Privacy and Marketing part 2 Bookmark has been added
Privacy and Marketing part 2
The Puzzle of the Online Privacy Experience - when Marketing and Privacy meet
Welcome to the second blog in the Privacy and Marketing series! In our first blog, we wrote about why organizations should choose a more consumer-friendly approach to the online privacy experience. Currently, many organizations have not yet found a user-friendly balance between legal compliance and marketing objectives. In this blog, we explore why finding this balance is often complicated.
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- Marketing practices vs. Privacy principles
- Branding vs. Privacy information
- Personalization vs. consent
- Cookie acceptance vs. compliance
- Striking the balance
Marketing practices vs. Privacy principles
Consumer-oriented marketers have focused on using data to learn more about consumers and to communicate with them in personalized ways. Placing cookies, pixels and other trackers to collect data within a user’s web browser or anywhere else on their device has become a common approach for Marketing teams to better understand what consumers want. Data-driven knowledge on user preferences is key to the success of marketing campaigns. In other words, data is extremely valuable to organizations and many would like to capture as much data as possible, even if its specific value may only become clear at a later stage or in combination with other datasets.
Privacy principles, on the other hand, create boundaries on the use and re-use of personal data. For example, basic privacy principles require that only the minimum data necessary is collected, for a specific purpose. Collecting data without knowing its specific value in advance is not permissible. In addition, data practices are increasingly under societal scrutiny. Marketers may find that this challenges their traditional ways of collecting data.
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Branding vs. Privacy information
Most organizations invest large sums into their online presence and have highly specialized teams that focus on online branding, online communication, and the personalization of online services. On the other hand, privacy information pages and pop-ups are not traditionally considered to be a core part of the online experience - quite the contrary, they are more of a “necessary evil”.
In our previous blog, we already highlighted that this may not only create an unpleasant user experience, but that it also contradicts with the spirit of privacy legislation. If users have to keep agreeing to cookies, they may eventually do so without thinking about the consequences – giving up the notion of true consent.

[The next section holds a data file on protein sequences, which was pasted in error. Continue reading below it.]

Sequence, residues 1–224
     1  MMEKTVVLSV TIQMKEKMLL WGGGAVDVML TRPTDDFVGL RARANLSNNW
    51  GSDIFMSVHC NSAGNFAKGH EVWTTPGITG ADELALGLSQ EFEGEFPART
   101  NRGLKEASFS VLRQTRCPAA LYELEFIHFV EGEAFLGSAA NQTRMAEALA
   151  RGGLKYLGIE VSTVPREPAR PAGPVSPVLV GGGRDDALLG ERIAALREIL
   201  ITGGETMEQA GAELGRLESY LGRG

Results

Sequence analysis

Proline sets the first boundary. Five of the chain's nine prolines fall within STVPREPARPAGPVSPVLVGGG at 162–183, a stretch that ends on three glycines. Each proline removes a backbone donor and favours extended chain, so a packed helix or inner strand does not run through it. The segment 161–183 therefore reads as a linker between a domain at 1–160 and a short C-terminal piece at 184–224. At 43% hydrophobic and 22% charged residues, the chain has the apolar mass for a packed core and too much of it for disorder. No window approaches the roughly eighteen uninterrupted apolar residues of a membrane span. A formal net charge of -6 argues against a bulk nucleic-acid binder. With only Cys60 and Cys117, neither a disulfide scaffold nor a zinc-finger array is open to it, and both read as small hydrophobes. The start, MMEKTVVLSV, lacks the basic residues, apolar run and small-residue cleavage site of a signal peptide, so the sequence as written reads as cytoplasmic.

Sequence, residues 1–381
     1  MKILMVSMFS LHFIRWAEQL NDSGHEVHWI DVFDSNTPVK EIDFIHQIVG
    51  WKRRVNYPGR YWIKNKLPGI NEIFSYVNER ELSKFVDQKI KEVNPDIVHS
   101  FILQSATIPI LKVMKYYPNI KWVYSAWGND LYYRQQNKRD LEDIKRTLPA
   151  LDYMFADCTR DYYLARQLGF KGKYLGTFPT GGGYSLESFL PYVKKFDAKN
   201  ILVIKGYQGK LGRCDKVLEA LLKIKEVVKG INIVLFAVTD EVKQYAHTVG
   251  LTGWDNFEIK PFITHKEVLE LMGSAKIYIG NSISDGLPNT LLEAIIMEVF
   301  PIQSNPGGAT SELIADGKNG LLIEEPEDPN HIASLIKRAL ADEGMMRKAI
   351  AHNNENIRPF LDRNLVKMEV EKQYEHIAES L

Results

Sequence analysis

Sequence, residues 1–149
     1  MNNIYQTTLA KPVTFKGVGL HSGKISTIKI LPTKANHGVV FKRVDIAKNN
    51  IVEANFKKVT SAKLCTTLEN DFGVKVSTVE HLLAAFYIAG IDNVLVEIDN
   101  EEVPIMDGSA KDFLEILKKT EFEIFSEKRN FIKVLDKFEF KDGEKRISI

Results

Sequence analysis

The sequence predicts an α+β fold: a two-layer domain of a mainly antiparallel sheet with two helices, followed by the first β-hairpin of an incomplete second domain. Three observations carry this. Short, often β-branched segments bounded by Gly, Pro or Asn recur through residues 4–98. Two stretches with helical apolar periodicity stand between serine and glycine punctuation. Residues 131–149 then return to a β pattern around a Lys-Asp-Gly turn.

Personalization meets consent
Consent, as positioned by privacy legislation, is a way for consumers to exercise control over the personal data they share with organizations. Users are empowered to give, withdraw, or withhold consent. They must be free to determine whether they are tempted by the personalized experiences marketing teams promise.
For marketers, this creates a level of unpredictability. After all, they need user consent to be able to place cookies to collect the data they need for their campaigns. Making consumer choices more predictable through nudging (for example, through the use of colors that point the user towards a preferred choice), is an option increasingly used by marketing teams. While this creates its own ethical and legal challenges, it is a way of increasing the rate at which consumers agree to cookies, i.e. the cookie acceptance rate.
Cookie acceptance vs. compliance
Many organizations struggle to balance privacy compliance and cookie acceptance rates. In exchange for higher cookie acceptance rates, some organizations may be willing to be in a greyer area of compliance. Differences in risk appetite and privacy strategy can be reflected in the cookie experience and privacy interface on their websites. For example, despite the fact that forcing users to accept cookies before they can enter a site is commonly considered incompatible with privacy rules, these so-called cookie walls are still a frequent occurrence.
Organizations may accept the risk of fines and reputational damage. However, this is costly in the long run and investing in privacy can have significant ROI. Cookie acceptance rates could also be increased through reducing legal jargon, improve tone-of-voice and make it visual more appealing so it turns into a user experience that builds customer trust. Through methods such A/B testing, it is possible to find the most effective way of presenting the information. Having only the legally required cookie choices and keeping things simple facilitate a consumer’s navigation through the “cookie forest”, providing a better user experience.
Striking the balance
Making the online privacy experience more transparent and user-friendly means addressing a number of misunderstandings and covering different requirements. Understanding the dilemmas and conflicting objectives could help organizations integrate a better approach to obtaining cookie consent into their corporate or business unit strategies.
Bringing Privacy and Marketing teams together allows organizations to adopt a more comprehensive approach to online advertising. Marketers should be actively encouraged to use their creativity when asking and getting consent in a privacy- and user-friendly way. In combination with new, automated tooling, aligning marketing and privacy goals will result in better transparency and control online. When privacy and marketing meet to work on that common goal, consumer trust and long-term ROI in privacy investments will follow.
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For more information about our 'Privacy and Marketing' services please contact Jeroen van den Nieuwenhof or Annika Sponselee via the contact details below.